Vauxhall’s first front-wheel-drive supermini was the 1983 Nova. It could have hit the market with something a whole lot earlier, had this exciting 1974 prototype been given the go ahead by management.
David Booker, creator of Vauxpedia.net, unearthed these exciting images. They clearly show that, in the mid-1970s, Vauxhall was on something of a roll when it came to design under the direction of Wayne Cherry.
The wedge-shaped Supermini
The supermini class was growing fast in 1974. Fuelled by the First Energy Crisis, and the resultant trend for buyers to downsize, these cars were hot property. It was common knowledge that Ford was advanced in its plans to join the party with Project Bobcat (which became the Fiesta). Unsurprisingly, Vauxhall’s Design Office in Luton was keen to come up with an appealing riposte.
GM in Europe would end up working on its own front-wheel-drive challenger (which matured into the 1979 Opel Kadett/Vauxhall Astra). But it was in Luton where this project originally started, in the form of the stylish, Wayne Cherry-styled Vauxhall Scamp project.
The car was designed in March 1974 by the Vauxhall Design Team at Luton, which was headed by Ed Taylor (who also worked on the Vauxhall Chevette and Opel Kadett City). It was codenamed XP-903, and took the classic supermini template and ran with it.
Vauxhall’s forward thinking
Scamp was a three-door hatchback, which was about 7.0 inches shorter and 2.0 inches narrower than the Chevette. It was designed from the outset to use a transverse engine and front-wheel drive, and was envisaged to cost some 15 per cent less than the Chevette to build.
The car pictured on this page was the one full-scale glassfibre styling mock-up of what Vauxhall called its S Car, and is shown in the records from May 1974. The design was very avant garde for its time, with neatly integrated bumpers and a near-vertical hatchback, years before the Austin Metro arrived on the scene.
Of course, it’s interesting to see that Longbridge was thinking along the same lines with its ADO74 supermini project (above) at pretty much the same time.
Under the skin: close but no cigar
The Scamp was small. However, inside, thanks to its proposed front-wheel drive layout and long wheelbase, it would have had more rear legroom than the Chevette and Vauxhall Viva. According to Vauxpedia, ‘although roomy for its size, the proposed trimmings were minimalist with sliding door windows and basic instruments. These included a speedometer incorporating a fuel gauge and temperature warning light all mounted on top of the steering column.’
The droopsnoot front-end styling would end up being adopted by all UK-fettled Vauxhalls, from the Chevette to the Carlton, but it was an innovative look for such a small car in 1974.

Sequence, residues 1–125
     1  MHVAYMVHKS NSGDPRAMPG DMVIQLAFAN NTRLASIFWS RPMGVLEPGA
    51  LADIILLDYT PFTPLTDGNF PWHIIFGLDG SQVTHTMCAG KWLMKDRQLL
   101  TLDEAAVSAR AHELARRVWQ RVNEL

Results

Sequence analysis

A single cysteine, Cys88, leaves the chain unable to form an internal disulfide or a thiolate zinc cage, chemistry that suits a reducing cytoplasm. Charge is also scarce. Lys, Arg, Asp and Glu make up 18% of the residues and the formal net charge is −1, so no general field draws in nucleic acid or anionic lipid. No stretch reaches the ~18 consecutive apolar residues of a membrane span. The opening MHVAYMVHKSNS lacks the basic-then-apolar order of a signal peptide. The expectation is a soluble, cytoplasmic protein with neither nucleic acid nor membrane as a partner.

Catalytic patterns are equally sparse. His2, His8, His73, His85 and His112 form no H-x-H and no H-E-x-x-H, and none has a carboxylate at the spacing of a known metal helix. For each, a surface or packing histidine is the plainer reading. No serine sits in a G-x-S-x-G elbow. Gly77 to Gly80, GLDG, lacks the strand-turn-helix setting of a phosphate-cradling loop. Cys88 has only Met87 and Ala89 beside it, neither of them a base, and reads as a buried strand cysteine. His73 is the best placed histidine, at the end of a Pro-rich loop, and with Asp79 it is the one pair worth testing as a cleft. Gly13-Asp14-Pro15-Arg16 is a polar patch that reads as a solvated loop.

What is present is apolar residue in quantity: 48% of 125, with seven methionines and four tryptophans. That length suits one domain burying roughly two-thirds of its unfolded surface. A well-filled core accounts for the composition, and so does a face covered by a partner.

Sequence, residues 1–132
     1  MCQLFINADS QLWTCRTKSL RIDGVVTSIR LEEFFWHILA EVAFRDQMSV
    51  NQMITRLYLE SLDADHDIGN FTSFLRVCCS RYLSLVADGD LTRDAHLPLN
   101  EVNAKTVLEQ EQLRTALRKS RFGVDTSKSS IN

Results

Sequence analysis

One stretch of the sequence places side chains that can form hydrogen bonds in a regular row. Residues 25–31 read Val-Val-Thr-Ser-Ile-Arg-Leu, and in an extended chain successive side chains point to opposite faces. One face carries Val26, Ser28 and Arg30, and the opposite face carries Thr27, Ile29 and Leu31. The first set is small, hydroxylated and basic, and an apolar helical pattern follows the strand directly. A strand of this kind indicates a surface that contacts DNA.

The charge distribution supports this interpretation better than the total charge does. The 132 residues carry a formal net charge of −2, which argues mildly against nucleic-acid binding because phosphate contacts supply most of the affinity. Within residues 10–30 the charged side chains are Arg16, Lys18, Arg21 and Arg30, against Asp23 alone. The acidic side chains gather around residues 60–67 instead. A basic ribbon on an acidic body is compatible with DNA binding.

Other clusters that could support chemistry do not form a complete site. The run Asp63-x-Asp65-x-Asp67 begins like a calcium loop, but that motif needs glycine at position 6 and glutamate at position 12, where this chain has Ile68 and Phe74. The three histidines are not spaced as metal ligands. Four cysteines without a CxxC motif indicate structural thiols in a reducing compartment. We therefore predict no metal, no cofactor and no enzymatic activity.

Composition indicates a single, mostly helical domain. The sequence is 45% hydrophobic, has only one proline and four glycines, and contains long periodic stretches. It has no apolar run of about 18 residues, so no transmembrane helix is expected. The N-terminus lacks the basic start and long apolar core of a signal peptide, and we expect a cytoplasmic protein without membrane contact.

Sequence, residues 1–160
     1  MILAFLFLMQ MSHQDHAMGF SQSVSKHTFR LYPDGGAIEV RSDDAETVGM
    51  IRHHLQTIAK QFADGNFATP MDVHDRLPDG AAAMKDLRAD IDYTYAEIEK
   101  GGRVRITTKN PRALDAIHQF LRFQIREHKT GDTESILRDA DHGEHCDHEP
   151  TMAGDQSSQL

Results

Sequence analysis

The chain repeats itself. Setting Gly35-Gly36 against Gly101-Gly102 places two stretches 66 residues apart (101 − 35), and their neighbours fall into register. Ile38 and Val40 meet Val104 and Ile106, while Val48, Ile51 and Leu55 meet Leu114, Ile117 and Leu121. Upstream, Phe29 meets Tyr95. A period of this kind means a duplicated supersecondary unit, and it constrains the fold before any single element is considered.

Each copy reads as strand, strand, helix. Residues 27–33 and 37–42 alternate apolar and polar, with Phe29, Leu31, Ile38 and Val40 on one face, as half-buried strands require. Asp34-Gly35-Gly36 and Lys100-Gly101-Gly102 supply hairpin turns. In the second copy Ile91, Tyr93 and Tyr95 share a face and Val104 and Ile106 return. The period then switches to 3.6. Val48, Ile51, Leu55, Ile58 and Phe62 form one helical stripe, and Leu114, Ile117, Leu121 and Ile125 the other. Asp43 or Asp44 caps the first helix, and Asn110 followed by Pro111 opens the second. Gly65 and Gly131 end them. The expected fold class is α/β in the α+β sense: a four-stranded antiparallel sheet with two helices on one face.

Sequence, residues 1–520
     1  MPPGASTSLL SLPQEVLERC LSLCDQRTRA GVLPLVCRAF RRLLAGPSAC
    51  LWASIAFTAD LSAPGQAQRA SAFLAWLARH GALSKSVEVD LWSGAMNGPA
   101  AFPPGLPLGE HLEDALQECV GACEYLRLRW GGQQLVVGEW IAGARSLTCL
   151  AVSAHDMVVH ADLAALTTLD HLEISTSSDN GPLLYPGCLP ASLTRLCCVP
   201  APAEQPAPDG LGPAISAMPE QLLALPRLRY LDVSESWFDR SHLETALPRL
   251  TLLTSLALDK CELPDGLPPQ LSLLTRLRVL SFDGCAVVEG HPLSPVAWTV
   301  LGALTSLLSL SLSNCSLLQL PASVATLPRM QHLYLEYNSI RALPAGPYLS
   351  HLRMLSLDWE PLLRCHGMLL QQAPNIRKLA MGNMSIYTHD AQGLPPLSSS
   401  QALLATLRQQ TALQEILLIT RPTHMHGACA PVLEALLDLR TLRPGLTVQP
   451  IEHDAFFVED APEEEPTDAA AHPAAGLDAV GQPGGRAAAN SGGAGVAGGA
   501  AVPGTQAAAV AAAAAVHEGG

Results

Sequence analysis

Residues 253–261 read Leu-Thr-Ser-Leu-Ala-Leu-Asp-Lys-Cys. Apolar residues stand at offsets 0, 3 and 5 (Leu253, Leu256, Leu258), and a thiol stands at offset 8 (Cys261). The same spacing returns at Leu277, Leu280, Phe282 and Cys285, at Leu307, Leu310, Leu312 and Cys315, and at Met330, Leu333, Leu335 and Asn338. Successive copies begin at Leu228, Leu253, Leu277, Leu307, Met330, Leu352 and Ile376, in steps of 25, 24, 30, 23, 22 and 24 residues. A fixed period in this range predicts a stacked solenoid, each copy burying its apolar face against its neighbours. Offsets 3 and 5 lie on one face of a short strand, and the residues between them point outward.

In terms of engineering, very little physical work was carried out although the Drawing Office had designed an adapted coil rear suspension from the Chevette, but using a beam axle. Engine wise, the plan was to adopt a 989cc version of Vauxhall’s 1256cc engine, with a power output of around 45bhp. This would have been bang on the pace set by the Fiat 127 and Renault 5.
According to the plans, the gearbox was to be mounted on the left-hand side of the car in line with the engine canted back towards the bulkhead. And as well as this 1.0-litre petrol version, it also proposed a 1.3-litre diesel version – again based on the overhead-valve Viva engine.
Would it have worked?
Given the speed of development of cars at the time, the Vauxhall Scamp would probably have hit the market in about 1978, which would have been later than the Ford Fiesta. With this interesting styling – or, at least, a development of it – it might have taken a bit of getting used to. But no doubt, it would have picked up a useful following in the years before the Metro arrived.
Of course, it was a pipedream. Developing a new front-wheel drivetrain around an existing engine would still have been a laborious and time-consuming project. And with what was coming from Opel, it was clear that General Motors probably made the right decision calling time on this car.
That conclusion is reinforced when one considers that the larger and less space-efficient Chevette was a consistent Top 10 seller in the UK, and was profitable venture for its maker, too. Despite being designed to be cheaper to build, it’s unlikely that this car would have made sense financially for Vauxhall, given the development costs it would have consumed on its way to market.
In summary, a nice idea, and a great-looking project, but not one that would have worked, given how well the Chevette worked out for Vauxhall.
All images Copyright GM Archive courtesy of vauxpedia.net.
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